5 and 89 as their number of spirals.The numbers that occur naturally
in branching patterns (e.g.that of plants) are indeed Fibonacci numbers.
Finally,although the Fibonacci sequence is not a geometric sequence,the
further the sequence is extended,the more closely the ratio between succes-
sive terms approaches the Golden Ratio,of 1.618...

that appears so often
in art and architecture.
• Call-by-reference &call-by-value
Dates are a particularly rich source of algorithms and conversion routines,
because the calenders that a date refers to have known such a diversity,
through time and around the world.
The “Julian Day Number” is attributed to Josephus Scaliger

and it counts
the number of days since November 24,4714 BC (proleptic Gregorian cal-
endar

).Scaliger chose that date because it marked the coincidence of three
well-established cycles:the 28-year Solar Cycle (of the old Julian calendar),
the 19-year Metonic Cycle and the 15-year Indiction Cycle (periodic taxes
or governmental requisitions in ancient Rome),and because no literature or
recorded history was known to pre-date that particular date in the remote
past.Scaliger used this concept to reconcile dates in historic documents,

The exact value for the Golden Ratio is
1
/
2
(

5 +1).The relation between Fibonacci
numbers and the Golden Ratio also allows for a “direct” calculation of any sequence
number,instead of the iterative method described here.

There is some debate on exactly what Josephus Scaliger invented and who or what he
called it after.

The Gregorian calendar was decreed to start on 15 October 1582 by pope Gregory XIII,
which means that earlier dates do not really exist in the Gregorian calendar.When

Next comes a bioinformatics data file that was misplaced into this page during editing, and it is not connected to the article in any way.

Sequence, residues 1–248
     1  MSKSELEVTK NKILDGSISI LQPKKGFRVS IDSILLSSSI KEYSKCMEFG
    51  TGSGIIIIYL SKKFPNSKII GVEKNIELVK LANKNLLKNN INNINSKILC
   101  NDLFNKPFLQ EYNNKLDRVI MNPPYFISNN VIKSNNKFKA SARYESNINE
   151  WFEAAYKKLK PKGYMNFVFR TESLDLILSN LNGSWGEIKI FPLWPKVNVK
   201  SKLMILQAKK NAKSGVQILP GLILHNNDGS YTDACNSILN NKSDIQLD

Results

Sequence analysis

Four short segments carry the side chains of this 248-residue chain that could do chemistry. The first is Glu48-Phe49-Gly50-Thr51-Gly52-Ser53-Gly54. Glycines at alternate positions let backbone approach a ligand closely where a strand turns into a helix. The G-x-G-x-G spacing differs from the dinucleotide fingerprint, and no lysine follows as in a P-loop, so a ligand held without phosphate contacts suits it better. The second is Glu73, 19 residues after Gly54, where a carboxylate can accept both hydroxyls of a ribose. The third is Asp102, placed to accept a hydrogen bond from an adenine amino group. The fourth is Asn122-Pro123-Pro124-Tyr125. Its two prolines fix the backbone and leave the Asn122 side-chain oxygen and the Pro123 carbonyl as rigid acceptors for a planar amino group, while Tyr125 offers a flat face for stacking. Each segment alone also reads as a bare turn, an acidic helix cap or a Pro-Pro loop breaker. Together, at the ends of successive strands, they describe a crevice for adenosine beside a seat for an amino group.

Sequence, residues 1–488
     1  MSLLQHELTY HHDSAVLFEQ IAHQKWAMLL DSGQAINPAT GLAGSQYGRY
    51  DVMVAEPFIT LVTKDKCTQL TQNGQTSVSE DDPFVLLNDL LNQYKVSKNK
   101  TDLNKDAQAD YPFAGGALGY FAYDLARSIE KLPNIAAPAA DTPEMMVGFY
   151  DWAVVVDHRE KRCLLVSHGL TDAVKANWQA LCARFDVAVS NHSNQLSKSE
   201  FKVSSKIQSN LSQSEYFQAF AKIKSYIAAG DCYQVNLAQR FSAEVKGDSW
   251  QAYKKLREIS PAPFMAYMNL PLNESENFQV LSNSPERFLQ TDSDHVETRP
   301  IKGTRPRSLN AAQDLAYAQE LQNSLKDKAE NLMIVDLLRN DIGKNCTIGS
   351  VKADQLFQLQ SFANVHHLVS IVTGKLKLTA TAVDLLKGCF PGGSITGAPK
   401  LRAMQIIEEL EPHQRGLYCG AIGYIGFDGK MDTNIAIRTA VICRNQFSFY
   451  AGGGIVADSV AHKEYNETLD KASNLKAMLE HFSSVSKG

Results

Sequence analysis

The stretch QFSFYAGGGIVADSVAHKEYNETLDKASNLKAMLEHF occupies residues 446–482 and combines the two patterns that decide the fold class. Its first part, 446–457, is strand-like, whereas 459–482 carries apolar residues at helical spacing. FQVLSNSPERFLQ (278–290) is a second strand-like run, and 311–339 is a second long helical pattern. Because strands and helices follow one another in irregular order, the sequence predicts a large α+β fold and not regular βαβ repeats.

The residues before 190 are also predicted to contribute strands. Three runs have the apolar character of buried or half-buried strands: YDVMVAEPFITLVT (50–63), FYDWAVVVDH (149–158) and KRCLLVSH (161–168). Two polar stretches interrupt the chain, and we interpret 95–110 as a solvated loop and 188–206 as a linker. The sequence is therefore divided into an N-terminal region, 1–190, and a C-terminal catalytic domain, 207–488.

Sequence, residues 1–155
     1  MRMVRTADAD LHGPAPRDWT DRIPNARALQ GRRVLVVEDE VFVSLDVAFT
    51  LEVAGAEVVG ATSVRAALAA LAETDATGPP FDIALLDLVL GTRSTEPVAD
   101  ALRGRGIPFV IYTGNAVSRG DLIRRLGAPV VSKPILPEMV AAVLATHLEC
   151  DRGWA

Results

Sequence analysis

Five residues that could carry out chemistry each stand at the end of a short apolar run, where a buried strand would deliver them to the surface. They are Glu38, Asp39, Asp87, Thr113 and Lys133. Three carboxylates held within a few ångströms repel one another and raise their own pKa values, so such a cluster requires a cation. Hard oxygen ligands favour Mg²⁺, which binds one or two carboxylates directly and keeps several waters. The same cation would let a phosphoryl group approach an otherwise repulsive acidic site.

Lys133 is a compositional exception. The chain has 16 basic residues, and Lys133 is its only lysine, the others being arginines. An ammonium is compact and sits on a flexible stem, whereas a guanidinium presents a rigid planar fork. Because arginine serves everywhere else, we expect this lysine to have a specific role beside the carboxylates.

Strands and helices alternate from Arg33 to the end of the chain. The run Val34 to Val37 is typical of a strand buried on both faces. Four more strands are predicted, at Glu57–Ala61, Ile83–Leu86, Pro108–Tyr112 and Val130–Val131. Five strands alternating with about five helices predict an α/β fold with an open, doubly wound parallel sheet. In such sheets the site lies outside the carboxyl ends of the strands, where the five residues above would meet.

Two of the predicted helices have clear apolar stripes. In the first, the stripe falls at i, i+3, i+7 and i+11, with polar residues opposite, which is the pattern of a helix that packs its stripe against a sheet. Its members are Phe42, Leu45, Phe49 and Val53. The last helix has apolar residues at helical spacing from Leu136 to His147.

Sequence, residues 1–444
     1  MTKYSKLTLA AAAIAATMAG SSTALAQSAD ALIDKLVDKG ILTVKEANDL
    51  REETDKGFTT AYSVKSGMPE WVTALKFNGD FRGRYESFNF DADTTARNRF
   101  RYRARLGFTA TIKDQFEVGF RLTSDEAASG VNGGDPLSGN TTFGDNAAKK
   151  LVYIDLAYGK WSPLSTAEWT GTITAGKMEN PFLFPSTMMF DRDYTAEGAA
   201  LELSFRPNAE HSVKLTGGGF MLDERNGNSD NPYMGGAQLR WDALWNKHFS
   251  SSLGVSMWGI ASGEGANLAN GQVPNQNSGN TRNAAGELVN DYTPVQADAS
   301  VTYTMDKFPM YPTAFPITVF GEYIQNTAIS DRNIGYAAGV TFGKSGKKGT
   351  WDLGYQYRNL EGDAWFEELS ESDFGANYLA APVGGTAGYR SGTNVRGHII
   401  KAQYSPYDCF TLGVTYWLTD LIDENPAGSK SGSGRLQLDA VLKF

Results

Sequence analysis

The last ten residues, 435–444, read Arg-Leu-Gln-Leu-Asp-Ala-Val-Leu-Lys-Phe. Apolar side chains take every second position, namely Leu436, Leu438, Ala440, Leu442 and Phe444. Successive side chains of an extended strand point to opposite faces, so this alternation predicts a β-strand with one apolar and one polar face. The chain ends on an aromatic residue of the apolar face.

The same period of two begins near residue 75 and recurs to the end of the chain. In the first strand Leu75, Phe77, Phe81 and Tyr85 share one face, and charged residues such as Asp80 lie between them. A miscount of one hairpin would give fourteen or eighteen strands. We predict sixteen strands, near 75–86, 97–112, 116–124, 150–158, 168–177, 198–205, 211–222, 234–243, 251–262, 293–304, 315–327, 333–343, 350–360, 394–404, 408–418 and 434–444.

extending the Gregorian calendar to days before 15 October 1582,we refer to it as the
proleptic Gregorian calendar.
A tutorial introduction ￿ 11
later astronomers embraced it to calculate intervals between two events more
easily.
Julian Day numbers (sometimes denoted with unit “jd”) should not be con-
fused with Julian Dates (the number of days since the start of the same
year),or with the Julian calendar that was introduced by Julius Caesar.
Below is a programthat calculates the Julian Day number froma date in the
(proleptic) Gregorian calendar,and vice versa.Note that in the proleptic
Gregorian calendar,the first year is 1 AD (Anno Domini) and the year
before that is 1 BC (Before Christ):year zero does not exist!The program
uses negative year values for BC years and positive (non-zero) values for AD
years.
Listing:julian.p
/* calculate Julian Day number from a date,and vice versa */
main()
{
new d,m,y,jdn
print"Give a date (dd-mm-yyyy):"
d = getvalue(_,’-’,’/’)
m = getvalue(_,’-’,’/’)
y = getvalue()
jdn = DateToJulian(d,m,y)
printf("Date %d/%d/%d = %d JD\n",d,m,y,jdn)
print"Give a Julian Day Number:"
jdn = getvalue()
JulianToDate jdn,d,m,y